Survey respondents ranked the most valuable use cases for DPC as follows:
Enhancing the creative process, increasing efficiency, and enabling accurate visualization with digital prototyping & sampling
Increasing speed in design decision making by leveraging 3D modeling tools
Improving communication with buyers and merchants with digital assortment visualization
In addition to the value drivers stated above – sampling, design, and assortment visualization – respondents recognized the value of DPC for downstream business needs – line reviews, marketing, manufacturing, visual merchandising. However, even with clearly recognized importance and value around these technologies, a large gap exists between the recognized value and the demonstrated success.
79% of respondents identified 3D Design Tools as the most important and valuable technology. However, 53% of respondents reported that they are not successful with it yet. Similar success gaps held true for all digital technologies; for each technology, at least 45% of respondents thought it was important with a range of 45% to 63% of respondents not yet successful.
The Success Gap: Why Does it Exist?
With such a large success gap, it is important to understand where the barriers to success exist. There are two types of barriers: Barriers of Understanding and Barriers of Execution. For 3D DPC, there are larger execution type barriers caused by a lack of talent and expertise (53%) as well as a lack of change management capabilities that drive adoption (47%). For companies that are trying to explore or deploy a DPC program, funding to build the program is constrained 47% of the time. This is often tied to a lack of understanding the full value of the program.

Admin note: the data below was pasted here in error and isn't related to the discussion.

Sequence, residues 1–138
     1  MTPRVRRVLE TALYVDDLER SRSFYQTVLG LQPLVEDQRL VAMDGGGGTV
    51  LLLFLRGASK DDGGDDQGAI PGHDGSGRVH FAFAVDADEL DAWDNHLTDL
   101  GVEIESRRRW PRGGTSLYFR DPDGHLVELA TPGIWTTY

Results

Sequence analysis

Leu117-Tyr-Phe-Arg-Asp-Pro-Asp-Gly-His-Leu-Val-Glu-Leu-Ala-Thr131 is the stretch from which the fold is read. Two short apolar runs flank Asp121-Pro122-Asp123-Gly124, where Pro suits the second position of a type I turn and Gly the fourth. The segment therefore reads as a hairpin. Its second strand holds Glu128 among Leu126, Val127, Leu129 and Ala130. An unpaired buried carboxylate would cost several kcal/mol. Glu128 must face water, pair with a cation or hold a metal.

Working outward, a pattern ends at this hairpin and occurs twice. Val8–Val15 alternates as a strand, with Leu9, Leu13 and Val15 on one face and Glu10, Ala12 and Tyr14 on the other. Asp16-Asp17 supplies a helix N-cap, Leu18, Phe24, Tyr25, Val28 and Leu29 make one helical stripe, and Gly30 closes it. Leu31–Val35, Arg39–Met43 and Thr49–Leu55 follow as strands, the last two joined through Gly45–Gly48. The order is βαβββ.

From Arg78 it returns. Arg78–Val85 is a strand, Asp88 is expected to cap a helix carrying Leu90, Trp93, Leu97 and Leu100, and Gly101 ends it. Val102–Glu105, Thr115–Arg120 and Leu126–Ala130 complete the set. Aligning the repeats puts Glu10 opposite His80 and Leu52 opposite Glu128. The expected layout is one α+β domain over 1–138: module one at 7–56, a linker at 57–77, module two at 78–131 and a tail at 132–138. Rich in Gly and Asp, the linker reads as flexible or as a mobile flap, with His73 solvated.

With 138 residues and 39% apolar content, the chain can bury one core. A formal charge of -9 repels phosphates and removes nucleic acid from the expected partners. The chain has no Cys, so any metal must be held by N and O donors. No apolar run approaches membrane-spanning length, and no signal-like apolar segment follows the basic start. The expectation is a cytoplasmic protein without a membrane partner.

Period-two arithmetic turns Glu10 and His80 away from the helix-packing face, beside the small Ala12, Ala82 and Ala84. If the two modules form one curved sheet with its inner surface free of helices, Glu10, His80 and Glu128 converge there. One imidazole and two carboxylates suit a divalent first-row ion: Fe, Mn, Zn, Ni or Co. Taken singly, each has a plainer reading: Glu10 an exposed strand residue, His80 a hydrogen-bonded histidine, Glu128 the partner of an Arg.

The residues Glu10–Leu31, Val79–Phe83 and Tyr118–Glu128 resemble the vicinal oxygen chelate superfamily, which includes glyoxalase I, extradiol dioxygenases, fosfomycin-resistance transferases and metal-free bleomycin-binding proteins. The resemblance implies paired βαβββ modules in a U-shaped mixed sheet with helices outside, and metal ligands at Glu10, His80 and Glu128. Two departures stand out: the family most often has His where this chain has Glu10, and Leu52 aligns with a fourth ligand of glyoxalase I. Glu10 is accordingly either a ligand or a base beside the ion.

Talent and expertise will improve as the technology becomes more ubiquitous. Right now, the technology is new and has only recently started to be taught in schools. For 3D design tools specifically, users not only require design knowledge, but also need the understanding of pattern-making and apparel construction, blending the work of designers and technical designers into one. 3D design tools are becoming the new normal for the industry in the same way that 2D design tools like Adobe Illustrator became the new normal from paper sketching. Whether it is training existing teams, contracting specialists, or hiring from design schools that are teaching these new methods of design, it is critical that the right talent be put in place.
Beyond the change management barriers driven by a lack of talent and expertise, the industry is facing change management barriers driven by the tactile nature of the business. Designers, buyers and consumers alike are accustomed to seeing, touching and holding the product before making decisions. To achieve the benefits of reduced sampling by digitizing the product, these stakeholders will need to be bought in to the idea that they can make decisions without seeing the real product in person. By running side by side tests to start, where you create a product in both digital and real form, retailers can get buy in from stakeholders by proving that the digital product they are seeing is true to life. This will build stakeholder confidence in their ability to make decisions off a digital image.